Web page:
Utah hairdresser sues the state because she is required to have a license. Jestina Clayton has been braiding hair since she was 5 in Sierra Leone. Now living in Utah, she braids hair as a business to supplement the family income while her husband is in school.
Having discovered her business is illegal without a license, she is suing the state of Utah for interfering with her right to work. Her style of African braiding involves no heat or chemicals, and the 2000 hours of cosmetology work required for a license do not cover hair braiding.
The ever-proliferating professional licenses to work in specified professions are suffocating small business in America. Not the licenses per se, but the educational requirements and cost of that education to receive those licenses. On one hand, it means that the public is protected from incompetent hairdressers. On the other hand, it means that competent people find it that much harder to find work and are shut out of the marketplace. It is a catch-22 of the finest degree. You need money, so you want to work, but you can’t work without money for an education.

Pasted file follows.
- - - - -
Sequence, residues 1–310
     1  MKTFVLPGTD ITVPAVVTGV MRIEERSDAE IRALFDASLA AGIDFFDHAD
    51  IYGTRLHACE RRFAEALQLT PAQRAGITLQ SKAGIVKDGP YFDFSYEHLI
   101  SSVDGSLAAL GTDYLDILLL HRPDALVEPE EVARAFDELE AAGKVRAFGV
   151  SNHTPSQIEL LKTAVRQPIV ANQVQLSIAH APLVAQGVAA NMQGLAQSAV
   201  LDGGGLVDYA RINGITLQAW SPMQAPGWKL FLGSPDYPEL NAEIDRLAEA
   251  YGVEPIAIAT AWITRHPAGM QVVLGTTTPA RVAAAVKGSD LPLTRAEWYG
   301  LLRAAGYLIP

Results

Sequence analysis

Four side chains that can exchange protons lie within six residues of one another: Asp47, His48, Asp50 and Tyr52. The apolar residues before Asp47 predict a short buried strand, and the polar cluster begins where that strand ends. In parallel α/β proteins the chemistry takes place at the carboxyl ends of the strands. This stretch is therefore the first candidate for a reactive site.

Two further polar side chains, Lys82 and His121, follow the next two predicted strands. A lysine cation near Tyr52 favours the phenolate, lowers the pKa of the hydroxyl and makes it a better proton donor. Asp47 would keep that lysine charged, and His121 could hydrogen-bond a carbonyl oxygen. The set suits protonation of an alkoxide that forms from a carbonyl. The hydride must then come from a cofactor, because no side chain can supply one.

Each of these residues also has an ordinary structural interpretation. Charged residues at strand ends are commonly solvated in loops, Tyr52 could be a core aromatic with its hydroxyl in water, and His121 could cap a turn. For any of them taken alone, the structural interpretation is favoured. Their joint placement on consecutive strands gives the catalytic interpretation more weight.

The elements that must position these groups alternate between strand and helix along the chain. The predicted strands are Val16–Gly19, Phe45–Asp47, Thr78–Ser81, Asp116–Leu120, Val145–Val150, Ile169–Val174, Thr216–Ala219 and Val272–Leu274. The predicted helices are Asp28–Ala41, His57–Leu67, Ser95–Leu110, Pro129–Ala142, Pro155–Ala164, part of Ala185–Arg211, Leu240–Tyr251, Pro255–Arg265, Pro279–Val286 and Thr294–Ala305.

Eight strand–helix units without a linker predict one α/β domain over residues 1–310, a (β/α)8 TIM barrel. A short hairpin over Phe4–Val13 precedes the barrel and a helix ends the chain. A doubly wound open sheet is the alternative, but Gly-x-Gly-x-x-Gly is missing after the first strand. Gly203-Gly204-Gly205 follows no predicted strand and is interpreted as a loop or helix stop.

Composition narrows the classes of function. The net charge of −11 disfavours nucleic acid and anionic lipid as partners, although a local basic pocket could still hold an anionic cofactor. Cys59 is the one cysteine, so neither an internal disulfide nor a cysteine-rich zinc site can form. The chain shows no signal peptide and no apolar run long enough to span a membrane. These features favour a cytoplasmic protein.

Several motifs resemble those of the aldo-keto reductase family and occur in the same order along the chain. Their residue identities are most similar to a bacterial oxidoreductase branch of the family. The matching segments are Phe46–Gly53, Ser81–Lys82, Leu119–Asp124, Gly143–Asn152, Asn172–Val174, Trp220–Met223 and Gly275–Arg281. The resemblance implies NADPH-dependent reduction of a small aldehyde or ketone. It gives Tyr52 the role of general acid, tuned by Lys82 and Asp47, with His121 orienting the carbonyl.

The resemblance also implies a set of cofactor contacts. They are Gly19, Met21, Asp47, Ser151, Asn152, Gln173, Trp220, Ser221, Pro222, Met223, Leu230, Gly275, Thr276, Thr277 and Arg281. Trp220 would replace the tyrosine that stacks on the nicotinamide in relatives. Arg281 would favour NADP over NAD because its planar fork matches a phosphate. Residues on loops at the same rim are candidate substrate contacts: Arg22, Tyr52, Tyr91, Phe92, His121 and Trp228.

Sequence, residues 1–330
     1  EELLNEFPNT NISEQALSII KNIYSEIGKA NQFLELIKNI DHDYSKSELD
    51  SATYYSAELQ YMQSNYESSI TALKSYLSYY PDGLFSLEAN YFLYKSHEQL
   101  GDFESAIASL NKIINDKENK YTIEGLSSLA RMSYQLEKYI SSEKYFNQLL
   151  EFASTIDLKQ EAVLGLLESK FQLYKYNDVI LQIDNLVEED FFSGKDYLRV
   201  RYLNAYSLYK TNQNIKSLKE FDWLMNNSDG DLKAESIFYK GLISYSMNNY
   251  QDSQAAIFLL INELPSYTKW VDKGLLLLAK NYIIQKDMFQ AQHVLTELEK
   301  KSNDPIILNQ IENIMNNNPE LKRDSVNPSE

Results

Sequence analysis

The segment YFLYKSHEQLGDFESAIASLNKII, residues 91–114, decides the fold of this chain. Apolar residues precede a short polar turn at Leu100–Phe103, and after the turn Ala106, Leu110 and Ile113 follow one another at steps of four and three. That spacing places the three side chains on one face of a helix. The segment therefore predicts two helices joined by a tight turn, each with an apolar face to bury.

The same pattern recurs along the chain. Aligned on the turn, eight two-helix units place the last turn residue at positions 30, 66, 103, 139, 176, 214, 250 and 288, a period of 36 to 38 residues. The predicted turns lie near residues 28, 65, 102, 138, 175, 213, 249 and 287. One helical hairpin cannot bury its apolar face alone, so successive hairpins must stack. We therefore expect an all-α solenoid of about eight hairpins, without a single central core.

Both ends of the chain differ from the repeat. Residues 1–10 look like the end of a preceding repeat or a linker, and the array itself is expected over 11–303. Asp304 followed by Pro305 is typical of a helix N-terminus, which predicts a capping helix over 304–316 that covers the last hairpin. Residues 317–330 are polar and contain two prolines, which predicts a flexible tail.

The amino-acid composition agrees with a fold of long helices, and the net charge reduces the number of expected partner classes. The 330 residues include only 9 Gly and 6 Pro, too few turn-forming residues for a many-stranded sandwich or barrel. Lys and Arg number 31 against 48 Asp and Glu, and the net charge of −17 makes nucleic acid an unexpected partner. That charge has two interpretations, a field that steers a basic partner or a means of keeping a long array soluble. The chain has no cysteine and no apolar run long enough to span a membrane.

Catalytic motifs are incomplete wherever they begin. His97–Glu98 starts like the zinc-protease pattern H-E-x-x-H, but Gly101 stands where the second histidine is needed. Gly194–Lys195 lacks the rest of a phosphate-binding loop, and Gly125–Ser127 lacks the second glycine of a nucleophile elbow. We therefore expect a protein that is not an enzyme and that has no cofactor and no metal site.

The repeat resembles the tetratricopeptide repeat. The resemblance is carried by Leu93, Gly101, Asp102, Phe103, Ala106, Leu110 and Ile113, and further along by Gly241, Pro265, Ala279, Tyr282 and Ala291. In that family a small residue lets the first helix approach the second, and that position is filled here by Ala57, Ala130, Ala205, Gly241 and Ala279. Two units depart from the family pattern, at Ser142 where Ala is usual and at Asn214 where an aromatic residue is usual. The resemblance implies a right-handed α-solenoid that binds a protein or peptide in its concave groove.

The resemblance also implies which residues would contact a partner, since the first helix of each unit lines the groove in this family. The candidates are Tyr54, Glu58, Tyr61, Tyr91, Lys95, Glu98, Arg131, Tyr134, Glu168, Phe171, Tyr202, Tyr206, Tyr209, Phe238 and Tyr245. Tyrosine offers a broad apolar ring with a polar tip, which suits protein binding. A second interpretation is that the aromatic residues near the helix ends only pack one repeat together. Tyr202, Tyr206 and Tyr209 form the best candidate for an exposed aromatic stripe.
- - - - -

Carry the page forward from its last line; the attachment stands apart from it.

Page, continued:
I don’t want incompetent hairdressers, plumbers, or contractors, just to name a few professions that require licenses, any more than the next person, but perhaps we can find a middle ground here. How about a test that covers all the essentials of the profession and anyone who can pass it gets a license? It’s up to the person how they learn what’s on the test. Sounds like a good idea to me. Oh, wait, we’re cutting cosmetology schools and technical colleges out of some easy money. Well, I guess they better just figure out how to reach those people now they aren’t required to be there.
- Hair braider says Utah cosmetology law is unfair ()
- Hair braider says Utah cosmetology law is unfair (sfgate.com)
- The Bohemian Braid (weddingbee.com)